Make it count.
Go Naomi, it’s your birthday.
We gonna party like someone finally took my combustion theory seriously.
I know as soon as Jason’s eyes roam over my bathing suit-clad body that coming on this boat was a mistake—and I’m going to pay. My dress shivers to the floor of the vessel, leaving me in the white bikini I purchased to wear on my honeymoon. It’s a brief amount of material for me, giving my breasts the barest coverage, the waistband riding low toward my sex. Instead of material ties, the sides are held together by silver and gold beads, which bite ever so slightly into my hips.
The boat rocks under our feet, groaning. The movement of the water beneath us is a blatant simulation of sex, like the ocean is urging us on. Do it. Give in. And he’s in no hurry to look away, either. He tosses the wet suit in his hand over the covered engine, rubbing his hand across his bearded jaw. Lord, he’s tall enough to seem like a fixture of the sky, his wide shoulders blocking out the sun, leaving me in the shade but far from cool. Quite the opposite, actually. When his tongue glides along his full lower lip, I’m remembering the way his head felt between my thighs. How invincible he looked from my knees.
Playing dirty using my name. I love you saying it so bad.
It’s probably too late to hide the effect his attention is having on my body. My nipples are gathering in a rush of euphoria, my libido probably thinking it’s going to get relief like last night. Is it? God knows I need it. I’ve never needed sex. Not like this. Not like I might not have a choice but to go get it. Receive it.
Mouth dry, I reach for the wetsuit Jason indicates with a slow chin jerk, bending forward to step inside and tug it up my legs. On my way up, I can’t help but notice the distinct bulge inside his wet suit and he makes no move to hide it. When I finally make it into the ocean, it’s going to rise in temperature. Scientists will be baffled.
My manners prod me to fill the silence. “When did you know you wanted to be a diver?”
To his credit, he doesn’t so much as smirk at my threadbare voice. “When I was sixteen, I went on a school field trip. Snorkeling, not diving. But it was the first time I…”
He scrubs at the back of his neck. “First time I heard the silence under the surface,” he says, as if he’s never said the words out loud. “I was never big on school. The classrooms made me feel confined, but it was the same at home. I didn’t know how to grab hold of my own thoughts. I loved Birdie and Nat, but they were younger and loud.” The corners of his eyes wrinkle in response to my quiet laugh. “Snorkeling blocked out every sound for a while and I just felt this new type of ease. Once I started taking diving classes, I felt less confined in school. I could be more…present at home.”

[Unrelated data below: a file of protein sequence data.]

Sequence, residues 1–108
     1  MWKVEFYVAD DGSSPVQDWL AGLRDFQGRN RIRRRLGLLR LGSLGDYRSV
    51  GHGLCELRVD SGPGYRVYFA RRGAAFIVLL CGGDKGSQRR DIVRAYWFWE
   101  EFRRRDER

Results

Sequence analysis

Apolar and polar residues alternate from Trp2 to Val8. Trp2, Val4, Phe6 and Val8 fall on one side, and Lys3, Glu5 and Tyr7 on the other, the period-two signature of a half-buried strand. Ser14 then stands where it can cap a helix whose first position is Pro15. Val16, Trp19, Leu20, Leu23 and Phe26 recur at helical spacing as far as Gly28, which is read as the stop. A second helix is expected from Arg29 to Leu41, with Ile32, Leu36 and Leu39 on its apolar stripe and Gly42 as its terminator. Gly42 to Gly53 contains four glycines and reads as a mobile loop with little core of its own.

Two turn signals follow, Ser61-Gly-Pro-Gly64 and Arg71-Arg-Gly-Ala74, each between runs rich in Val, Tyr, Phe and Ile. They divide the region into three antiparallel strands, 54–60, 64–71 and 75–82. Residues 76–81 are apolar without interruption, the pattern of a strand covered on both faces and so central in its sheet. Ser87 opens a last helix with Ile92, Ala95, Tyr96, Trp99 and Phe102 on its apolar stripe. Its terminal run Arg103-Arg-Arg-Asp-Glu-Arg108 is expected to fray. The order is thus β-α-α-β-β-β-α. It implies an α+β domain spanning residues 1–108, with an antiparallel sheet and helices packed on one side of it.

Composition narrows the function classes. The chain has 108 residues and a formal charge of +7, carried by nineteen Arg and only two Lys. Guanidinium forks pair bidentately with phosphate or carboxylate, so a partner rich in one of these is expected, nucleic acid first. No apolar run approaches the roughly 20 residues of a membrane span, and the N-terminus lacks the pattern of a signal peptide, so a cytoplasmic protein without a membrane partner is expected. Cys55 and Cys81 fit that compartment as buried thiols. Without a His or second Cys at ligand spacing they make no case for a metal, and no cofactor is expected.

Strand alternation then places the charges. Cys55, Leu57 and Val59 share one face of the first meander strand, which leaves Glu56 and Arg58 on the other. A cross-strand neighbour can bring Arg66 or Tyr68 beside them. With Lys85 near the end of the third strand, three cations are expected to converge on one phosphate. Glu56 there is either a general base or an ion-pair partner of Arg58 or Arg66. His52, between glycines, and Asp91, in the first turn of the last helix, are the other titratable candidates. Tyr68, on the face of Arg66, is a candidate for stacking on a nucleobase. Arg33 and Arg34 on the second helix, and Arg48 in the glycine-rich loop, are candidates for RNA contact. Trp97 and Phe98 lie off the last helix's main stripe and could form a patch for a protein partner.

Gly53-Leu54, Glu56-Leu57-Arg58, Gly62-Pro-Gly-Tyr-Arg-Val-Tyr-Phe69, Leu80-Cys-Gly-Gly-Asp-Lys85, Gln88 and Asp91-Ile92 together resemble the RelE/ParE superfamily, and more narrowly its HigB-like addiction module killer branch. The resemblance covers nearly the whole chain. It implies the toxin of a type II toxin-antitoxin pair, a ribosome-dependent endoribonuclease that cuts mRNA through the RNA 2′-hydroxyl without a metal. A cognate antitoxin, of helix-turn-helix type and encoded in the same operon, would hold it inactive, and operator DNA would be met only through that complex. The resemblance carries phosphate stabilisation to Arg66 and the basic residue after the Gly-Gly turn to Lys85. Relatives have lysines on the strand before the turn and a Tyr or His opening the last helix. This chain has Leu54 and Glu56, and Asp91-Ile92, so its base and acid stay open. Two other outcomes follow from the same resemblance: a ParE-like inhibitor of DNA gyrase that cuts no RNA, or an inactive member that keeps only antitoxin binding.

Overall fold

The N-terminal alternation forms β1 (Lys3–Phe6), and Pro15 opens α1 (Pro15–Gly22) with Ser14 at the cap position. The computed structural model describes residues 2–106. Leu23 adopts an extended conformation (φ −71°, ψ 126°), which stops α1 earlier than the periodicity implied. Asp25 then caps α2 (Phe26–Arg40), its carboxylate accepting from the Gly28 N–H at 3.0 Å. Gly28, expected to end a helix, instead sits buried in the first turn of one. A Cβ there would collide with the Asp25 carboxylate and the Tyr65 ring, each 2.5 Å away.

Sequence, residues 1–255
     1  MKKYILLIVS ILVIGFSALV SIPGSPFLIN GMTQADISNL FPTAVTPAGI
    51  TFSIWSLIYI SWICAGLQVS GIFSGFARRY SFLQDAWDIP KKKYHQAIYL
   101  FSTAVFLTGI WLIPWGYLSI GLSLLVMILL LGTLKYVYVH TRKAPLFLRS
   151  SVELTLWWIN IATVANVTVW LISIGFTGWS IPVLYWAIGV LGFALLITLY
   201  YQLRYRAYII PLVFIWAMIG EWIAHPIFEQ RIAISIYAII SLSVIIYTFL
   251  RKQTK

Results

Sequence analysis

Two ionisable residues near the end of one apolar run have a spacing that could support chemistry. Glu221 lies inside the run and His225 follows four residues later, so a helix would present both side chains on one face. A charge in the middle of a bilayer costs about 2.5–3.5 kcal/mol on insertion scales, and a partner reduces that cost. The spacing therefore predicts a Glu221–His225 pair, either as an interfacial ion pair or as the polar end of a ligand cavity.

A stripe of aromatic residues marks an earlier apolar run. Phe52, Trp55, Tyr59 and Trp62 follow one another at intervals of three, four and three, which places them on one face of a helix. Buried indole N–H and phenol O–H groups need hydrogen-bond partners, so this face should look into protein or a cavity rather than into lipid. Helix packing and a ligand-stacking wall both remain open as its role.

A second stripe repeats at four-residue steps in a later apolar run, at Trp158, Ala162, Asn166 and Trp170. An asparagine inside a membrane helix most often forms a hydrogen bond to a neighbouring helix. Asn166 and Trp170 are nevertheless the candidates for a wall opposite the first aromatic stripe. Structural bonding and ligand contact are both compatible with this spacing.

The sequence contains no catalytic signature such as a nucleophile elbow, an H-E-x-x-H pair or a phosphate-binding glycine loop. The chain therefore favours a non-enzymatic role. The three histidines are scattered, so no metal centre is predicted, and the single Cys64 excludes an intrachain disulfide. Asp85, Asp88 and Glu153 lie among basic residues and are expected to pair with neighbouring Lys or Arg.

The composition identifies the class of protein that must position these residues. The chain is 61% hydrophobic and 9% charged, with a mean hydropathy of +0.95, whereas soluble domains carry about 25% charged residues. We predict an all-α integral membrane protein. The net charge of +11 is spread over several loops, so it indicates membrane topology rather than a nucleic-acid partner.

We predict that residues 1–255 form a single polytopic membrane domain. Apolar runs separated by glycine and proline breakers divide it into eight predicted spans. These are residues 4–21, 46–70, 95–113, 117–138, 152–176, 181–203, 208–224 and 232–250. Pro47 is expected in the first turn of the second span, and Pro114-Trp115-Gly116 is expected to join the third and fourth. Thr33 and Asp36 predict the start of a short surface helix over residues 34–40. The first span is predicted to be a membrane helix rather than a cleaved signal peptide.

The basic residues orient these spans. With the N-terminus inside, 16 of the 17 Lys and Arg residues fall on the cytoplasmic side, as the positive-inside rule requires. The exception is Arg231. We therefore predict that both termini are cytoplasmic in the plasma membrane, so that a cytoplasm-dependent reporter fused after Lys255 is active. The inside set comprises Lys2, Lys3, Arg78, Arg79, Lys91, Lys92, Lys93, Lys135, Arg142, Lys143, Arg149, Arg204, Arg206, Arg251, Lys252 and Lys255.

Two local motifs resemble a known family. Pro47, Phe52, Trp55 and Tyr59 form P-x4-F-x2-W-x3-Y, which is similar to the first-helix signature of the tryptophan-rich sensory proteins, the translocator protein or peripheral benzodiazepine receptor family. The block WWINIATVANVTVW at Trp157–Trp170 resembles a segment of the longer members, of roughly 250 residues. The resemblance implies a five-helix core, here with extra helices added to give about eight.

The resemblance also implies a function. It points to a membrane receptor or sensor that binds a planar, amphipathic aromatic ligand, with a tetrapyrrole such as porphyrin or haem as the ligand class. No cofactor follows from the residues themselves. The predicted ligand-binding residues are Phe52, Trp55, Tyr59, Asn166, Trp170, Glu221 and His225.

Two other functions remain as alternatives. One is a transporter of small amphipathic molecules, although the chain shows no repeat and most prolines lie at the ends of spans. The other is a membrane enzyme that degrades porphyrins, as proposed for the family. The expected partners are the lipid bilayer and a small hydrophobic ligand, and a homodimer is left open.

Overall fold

“You needed your own place.”
Jason nods. “It’s not my only place now. I’ve got running.” His eyes roam over me lazily. “Better yet, I’ve got a beauty queen who tell me stories in the middle of the night.”
I’m incapable of doing anything but basking in the glow he leaves on my skin. My tongue is too tied to respond, though—what would I say?—and he eventually has mercy on me.
“Number one rule is to check your gear, make sure it’s functioning properly. I’ve already done that, but for the future…” Jason’s voice is thick as it resumes, contrasting with the white fluffy clouds. He disappears into the front of the boat for a moment and I use the opportunity to quickly jiggle myself in an undignified fashion into the remainder of the suit, zipping it up to my collarbone. Jason emerges with a life jacket in one hand, an oxygen tank in the other. He sets down the tank on its side next to me, slowly stepping into my space, now blocking out the whole sky. “This is a buoyancy control device. It looks like a life jacket, but the difference is, you can control the amount of air inside. You want more on the surface than you do underwater.”
I almost moan as he leans in to wrap the vest around my back, sending sea salt, male and pungent cigar smoke drifting over me. It occurs to me that I’m about to do something completely outside my comfort zone, but I’ve never felt safer in my entire life.
“We’re in shallow water, so you can take it nice and easy,” he continues gruffly, inches from my ear. “A slow descent is important. Drop too fast and you’ll get decompression sickness. Your body has to handle the depth in degrees.” His mouth brushes my ear. “One inch at a time, beauty queen.” I’m left swaying as he circles around behind me, securing the tank to the back of my jacket and connecting a series of lines. He’s saying words like regulator set and I should almost certainly be listening and asking questions, but I’m too aware of the hammering of my pulse, the liquid weight rushing to my loins. “I’ll be right beside you, making sure you’re moving at the right pace.”